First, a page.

**Testing is required as in practice the unpredictable nature of the process of gene inheritance in these combinations may cause variation in the actual % outcomes per generation.

Parent combination Theoretical status of progeny Heritable disease requirements
Clear x Clear 100% Clear No restriction
Clear x Carrier **
50 % Clear
50 % Carrier
(that may be diseased to some degree)
  1. Progeny must be tested for the heritable defect**.
  2. The severity of the disease in the Carrier progeny must be assessed by a veterinary practitioner and the animal managed in accordance with the instructions of a veterinary practitioner.
  3. A diseased (Carrier) animal’s must not be disposed of to another person without advice of the animals heritable disease status.
  4. A diseased (Carrier) animal must be DE-sexed unless they are to be used in an approved breeding program, must not be permitted by their owner to suffer from their condition and must be under the supervision and monitoring of a veterinary practitioner.
Carrier x Carrier **
25% Clear
50% Carrier (diseased to some degree)
25% Affected (usually seriously diseased)
  1. Breeding prohibited unless as part of an approved breeding program.
  2. All progeny must be tested for the heritable disease. **
  3. The severity of the disease in Affected and Carrier progeny must be assessed by a veterinary practitioner and the animal managed in accordance with the instructions of a veterinary practitioner.
  4. A diseased (Carrier and Affected) animal must not be disposed of to another person without advice of the animal’s heritable disease status.
  5. Diseased (Carrier and Affected) animals must be DE-sexed unless they are to be used in an approved breeding program, must not be permitted by their owner to suffer from their condition and must be under the supervision and monitoring of a veterinary practitioner.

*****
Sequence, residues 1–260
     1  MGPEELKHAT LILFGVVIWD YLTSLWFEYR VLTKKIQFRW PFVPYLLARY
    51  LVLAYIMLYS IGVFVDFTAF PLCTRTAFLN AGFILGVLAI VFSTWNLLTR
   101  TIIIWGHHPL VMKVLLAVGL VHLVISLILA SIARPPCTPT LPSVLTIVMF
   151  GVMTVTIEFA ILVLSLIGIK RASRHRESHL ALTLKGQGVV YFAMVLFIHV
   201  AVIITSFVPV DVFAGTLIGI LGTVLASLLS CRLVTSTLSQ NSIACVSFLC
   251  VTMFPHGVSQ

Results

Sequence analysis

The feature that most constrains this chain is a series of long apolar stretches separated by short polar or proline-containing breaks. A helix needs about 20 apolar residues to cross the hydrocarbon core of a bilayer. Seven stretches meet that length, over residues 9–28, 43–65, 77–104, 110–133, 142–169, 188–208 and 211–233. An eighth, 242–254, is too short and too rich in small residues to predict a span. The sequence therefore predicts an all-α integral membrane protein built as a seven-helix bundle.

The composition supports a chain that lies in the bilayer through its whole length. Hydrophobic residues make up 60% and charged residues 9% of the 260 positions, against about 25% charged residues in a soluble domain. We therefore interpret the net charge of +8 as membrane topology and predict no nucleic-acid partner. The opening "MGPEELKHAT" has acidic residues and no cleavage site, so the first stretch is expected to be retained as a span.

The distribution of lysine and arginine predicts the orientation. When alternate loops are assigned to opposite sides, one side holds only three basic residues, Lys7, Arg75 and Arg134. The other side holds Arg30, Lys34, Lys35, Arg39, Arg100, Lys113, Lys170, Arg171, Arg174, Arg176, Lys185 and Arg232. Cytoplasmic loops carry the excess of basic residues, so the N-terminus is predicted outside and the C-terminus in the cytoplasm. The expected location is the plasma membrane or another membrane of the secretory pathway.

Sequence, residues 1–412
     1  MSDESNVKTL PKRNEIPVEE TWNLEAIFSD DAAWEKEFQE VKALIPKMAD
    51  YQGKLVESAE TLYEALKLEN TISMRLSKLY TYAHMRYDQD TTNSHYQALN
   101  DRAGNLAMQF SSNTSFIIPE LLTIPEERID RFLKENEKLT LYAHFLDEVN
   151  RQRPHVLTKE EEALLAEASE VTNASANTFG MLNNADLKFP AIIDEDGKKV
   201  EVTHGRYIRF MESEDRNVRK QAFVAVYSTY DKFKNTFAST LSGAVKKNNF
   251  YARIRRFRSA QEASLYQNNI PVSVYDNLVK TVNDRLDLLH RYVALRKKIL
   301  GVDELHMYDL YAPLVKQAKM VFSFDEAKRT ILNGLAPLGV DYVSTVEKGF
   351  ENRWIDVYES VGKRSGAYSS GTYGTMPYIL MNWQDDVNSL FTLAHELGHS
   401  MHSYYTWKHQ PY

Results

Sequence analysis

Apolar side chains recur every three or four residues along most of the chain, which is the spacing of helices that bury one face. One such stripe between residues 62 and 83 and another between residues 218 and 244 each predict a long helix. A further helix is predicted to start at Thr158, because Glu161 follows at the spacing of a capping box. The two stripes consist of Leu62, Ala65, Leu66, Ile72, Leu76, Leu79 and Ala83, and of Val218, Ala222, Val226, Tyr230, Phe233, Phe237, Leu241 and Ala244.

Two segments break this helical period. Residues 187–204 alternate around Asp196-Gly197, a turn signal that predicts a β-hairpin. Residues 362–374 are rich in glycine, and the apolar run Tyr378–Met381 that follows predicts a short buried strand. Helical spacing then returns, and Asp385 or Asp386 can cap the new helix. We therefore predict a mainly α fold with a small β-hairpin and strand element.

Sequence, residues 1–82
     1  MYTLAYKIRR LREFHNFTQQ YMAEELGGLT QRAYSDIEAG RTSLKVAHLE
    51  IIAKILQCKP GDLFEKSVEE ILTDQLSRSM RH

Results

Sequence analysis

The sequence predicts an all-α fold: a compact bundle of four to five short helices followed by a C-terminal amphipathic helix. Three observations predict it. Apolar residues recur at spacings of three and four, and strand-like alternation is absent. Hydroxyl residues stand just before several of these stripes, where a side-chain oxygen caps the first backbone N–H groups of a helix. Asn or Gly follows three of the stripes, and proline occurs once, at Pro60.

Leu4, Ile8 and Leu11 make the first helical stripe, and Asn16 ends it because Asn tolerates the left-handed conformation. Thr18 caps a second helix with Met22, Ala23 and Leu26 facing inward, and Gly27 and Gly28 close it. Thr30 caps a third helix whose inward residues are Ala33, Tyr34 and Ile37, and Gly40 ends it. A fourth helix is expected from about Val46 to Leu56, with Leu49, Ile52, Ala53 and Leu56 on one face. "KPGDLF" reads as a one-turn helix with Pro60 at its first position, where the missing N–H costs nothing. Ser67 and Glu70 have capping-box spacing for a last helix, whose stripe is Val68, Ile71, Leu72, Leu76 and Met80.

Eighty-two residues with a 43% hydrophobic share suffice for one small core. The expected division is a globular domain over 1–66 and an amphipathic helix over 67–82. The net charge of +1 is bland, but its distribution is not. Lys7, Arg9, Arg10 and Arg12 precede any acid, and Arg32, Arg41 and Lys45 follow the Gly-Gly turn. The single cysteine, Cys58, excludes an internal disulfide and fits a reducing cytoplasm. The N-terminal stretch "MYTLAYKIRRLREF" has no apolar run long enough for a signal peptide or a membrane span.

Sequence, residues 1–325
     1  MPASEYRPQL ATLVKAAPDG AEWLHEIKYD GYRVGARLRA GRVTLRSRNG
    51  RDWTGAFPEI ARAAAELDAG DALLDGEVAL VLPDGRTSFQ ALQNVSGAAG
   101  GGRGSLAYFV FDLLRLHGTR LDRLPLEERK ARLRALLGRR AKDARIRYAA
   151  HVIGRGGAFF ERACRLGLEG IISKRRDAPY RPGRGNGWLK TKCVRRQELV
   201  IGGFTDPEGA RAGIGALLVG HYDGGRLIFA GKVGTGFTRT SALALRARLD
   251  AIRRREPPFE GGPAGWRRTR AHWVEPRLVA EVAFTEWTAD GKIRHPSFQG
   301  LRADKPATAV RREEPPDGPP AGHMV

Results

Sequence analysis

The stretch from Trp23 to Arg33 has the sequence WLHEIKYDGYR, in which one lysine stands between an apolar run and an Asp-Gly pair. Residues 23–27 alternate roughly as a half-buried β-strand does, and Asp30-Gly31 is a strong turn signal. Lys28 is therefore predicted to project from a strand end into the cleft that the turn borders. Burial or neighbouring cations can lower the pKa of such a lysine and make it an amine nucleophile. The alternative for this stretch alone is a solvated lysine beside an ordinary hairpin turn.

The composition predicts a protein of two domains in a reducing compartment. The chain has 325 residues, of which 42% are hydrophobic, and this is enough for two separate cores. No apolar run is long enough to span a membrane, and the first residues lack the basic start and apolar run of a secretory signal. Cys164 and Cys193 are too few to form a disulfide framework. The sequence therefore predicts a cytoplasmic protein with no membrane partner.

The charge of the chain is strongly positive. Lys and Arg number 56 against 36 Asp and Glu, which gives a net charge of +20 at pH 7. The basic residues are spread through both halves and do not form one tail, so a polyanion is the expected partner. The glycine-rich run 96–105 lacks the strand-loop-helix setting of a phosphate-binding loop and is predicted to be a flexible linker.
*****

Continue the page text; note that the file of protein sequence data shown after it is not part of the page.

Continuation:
Affected x Clear 100% Carrier (will have a degree of the disease)
  1. Breeding prohibited unless as part of an approved breeding program and only with the purpose of establishing sufficient breeding stock for the breeding program to develop Clear animals.
  2. The severity of the disease in progeny must be assessed by a veterinary practitioner and the animal managed in accordance with the instructions of a veterinary practitioner.
  3. A diseased (Carrier and Affected) animal’s must not be disposed of to another person without advice of the animals’ heritable disease status.
  4. Diseased (Carrier and Affected) animals must be DE-sexed unless they are to be used in an approved breeding program, must not be permitted by their owner to suffer from their condition and must be under the supervision and monitoring of a veterinary practitioner.

Affected x Carrier

and

Affected by Affected

50% Carrier,
50% Affected (all will be diseased to some degree or be seriously diseased)

100% Affected (usually seriously diseased)

  1. Breeding prohibited.
  2. Use of these combination is an offence under the Act.

**Testing is required as in practice the unpredictable nature of the process of gene inheritance in these combinations may cause variation in the actual % outcomes per generation. As carriers may express varying degrees of the heritable disease they must be tested, assessed and monitored by a veterinary practitioner experienced with the disease to determine the impact on the animal.

5.2 Heritable disease caused by a simple recessive defective gene resulting in severe disease

Carrier = heterozygote (i.e. one clear gene and one defective gene) and does not exhibit the disease.

Affected= homozygous for heritable defect genes (i.e. two defective genes) and is affected by the disease.

Clear = homozygous for clear genes (i.e. two clear genes) and is free of the disease.

The breeding of animals with the following diseases caused by a heritable defect must be conducted in accordance with the Code.

  • Dogs

Neuronal Ceroid Lipofuscinosis (CL).
Von Willebrand’s disease Type 3.

Parent breeding combinations of animals with a heritable defect of this type that result in a disease that causes suffering and disability in progeny must not be used outside of an approved breeding program and only where the approved organisation believes it to be justifiable in the short term to establish breeding stock that are Clear.